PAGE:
Mike Piazza and Ken Griffey Jr. are being inducted to the Hall of Fame today. It’s unfortunate Piazza won’t go in the Hall as a Dodger, but it’s still amazing to see your favorite baseball player during your formative years reach the peak of baseball greatness.
I wrote about Piazza’s election — four years overdue — in January.
“If you look at the pure numbers, there is no reason Piazza shouldn’t have been a first-ballot Hall of Famer (rank among catchers from 1947 until now in parenthesis).
- 62.5 fWAR (5th)
- .237 ISO (1st)
- .390 wOBA (1st)
- 140 wRC+ (2nd)
- 370.1 Off (1st)
- 396 HR (1st)
Say what you will about his defense — his arm was poor, but his overall defense wasn’t as bad as some would have you believe — his offense was off the charts.
Growing up, I played mostly catcher in Little League Baseball. Early in my “career,” I played a lot of second base. Steve Sax was my favorite player until Piazza burst onto the scene in 1993. After that, he was my guy.
I tried to emulate his batting stance, but quickly found that wouldn’t work. Even as a kid swinging a relatively light aluminum bat, my wrists and forearms weren’t strong enough to have a hitch in my swing and a violent finish. I never really hit for much power, but I still tried to model myself after Piazza.”
Speaking of his defense, it turns out he would have graded out quite well overall if today’s metrics were available when he played. From Ben Lindberg at 538:
“Per opportunity, Piazza ranks in the fifth percentile as a thrower among regular catchers. But he also places in the 74th percentile as a pitch-framer, and the 89th percentile as a pitch-blocker. His arm was just as bad as the naysayers believed, but that weakness wasn’t crippling, and he more than made up for it by blocking balls in the dirt and eking out extra strikes.”
And R.J. Anderson at CBS Sports:
“It’s not like the other areas where Piazza did well are newfangled, either. The idea of quantifying framing and blocking remain relatively new — Brewers employee Dan Turkenkopf was on the beat in 2008 — but the concepts themselves are old school. Check most any old baseball book that details catching and you’ll find references to each. Heck, Keith Hernandez talked about sticking pitches in his book with regards to another Hall of Fame Mets backstop, Gary Carter.”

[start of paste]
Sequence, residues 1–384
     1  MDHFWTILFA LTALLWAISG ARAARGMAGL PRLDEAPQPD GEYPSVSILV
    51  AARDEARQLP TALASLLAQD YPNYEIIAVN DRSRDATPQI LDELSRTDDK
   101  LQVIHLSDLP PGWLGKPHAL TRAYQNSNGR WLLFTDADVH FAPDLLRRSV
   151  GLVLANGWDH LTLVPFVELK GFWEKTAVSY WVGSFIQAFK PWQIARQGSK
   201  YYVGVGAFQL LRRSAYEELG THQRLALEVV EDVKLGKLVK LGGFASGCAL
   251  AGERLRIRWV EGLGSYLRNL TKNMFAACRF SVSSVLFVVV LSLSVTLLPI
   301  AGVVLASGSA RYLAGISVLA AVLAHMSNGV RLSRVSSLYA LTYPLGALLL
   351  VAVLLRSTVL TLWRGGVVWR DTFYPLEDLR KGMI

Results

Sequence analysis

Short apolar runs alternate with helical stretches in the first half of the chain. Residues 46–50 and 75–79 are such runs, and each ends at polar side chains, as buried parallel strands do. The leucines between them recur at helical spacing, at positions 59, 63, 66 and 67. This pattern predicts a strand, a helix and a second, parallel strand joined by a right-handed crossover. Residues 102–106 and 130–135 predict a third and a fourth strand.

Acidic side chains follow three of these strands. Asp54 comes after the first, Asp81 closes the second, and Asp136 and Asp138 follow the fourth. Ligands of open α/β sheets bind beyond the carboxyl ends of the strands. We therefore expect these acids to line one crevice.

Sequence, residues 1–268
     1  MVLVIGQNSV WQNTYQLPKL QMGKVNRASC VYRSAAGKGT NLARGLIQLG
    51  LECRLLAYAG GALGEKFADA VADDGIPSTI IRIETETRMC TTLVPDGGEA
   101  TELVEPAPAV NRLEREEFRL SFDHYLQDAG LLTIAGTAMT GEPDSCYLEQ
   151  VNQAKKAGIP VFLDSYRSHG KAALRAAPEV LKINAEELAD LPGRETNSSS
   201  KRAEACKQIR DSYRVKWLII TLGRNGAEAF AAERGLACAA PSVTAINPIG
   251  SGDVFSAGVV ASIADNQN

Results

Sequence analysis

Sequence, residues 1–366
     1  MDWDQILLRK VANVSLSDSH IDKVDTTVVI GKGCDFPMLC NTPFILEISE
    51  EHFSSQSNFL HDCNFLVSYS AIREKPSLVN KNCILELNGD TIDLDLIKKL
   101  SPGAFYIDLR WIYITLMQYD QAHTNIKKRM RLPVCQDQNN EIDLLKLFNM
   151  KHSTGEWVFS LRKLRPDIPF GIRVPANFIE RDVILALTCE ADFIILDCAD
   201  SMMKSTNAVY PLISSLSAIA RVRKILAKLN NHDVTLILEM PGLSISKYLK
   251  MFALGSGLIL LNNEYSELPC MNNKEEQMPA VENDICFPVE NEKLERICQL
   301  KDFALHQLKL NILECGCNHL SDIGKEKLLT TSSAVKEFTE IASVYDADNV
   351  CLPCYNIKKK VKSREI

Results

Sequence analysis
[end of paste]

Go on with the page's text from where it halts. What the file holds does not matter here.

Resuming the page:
Anderson wrote Piazza was 99 runs above average in framing for his career and 11 RAA in blocking (and -47 RAA in throwing). As someone who watched a lot of Piazza behind the plate in the 90s, I absolutely believe this data.
So, Piazza is going into the Hall not as a Dodger, but as a Met. His best years came with LA, but he had a lot of high-profile years with New York. He helped the Mets to the World Series in 2000 (his only World Series appearance) and he homered in three of the first four games in which he played after the 9/11 terrorist attacks, capped by a dramatic one against the Braves.
Long story short, Piazza is still my favorite player of all-time, despite whatever spat he had/has with Vin Scully.
— Los Angeles Dodgers (@Dodgers) July 22, 2016
As Mike Piazza goes into HOF as a Met, LAD's official stance is they love Mike Piazza, and he is welcome back at Dodger Stadium any time.
— Andy McCullough (@McCulloughTimes) July 23, 2016
OK, guys, let’s bury the hatchet, grow up and get this thing done. There needs to be a Mike Piazza night at the stadium and his No. 31 needs to be retired. Here’s hoping it happens.
To close, I’ll just quote myself from the January article.
“Congratulations, Mr. Piazza. You had a profound impact on my (baseball) life and I’m thrilled that you’re (about) to become part of baseball’s very best. Thank you for helping me become — in large part — the baseball fan that I am today. Cheers.”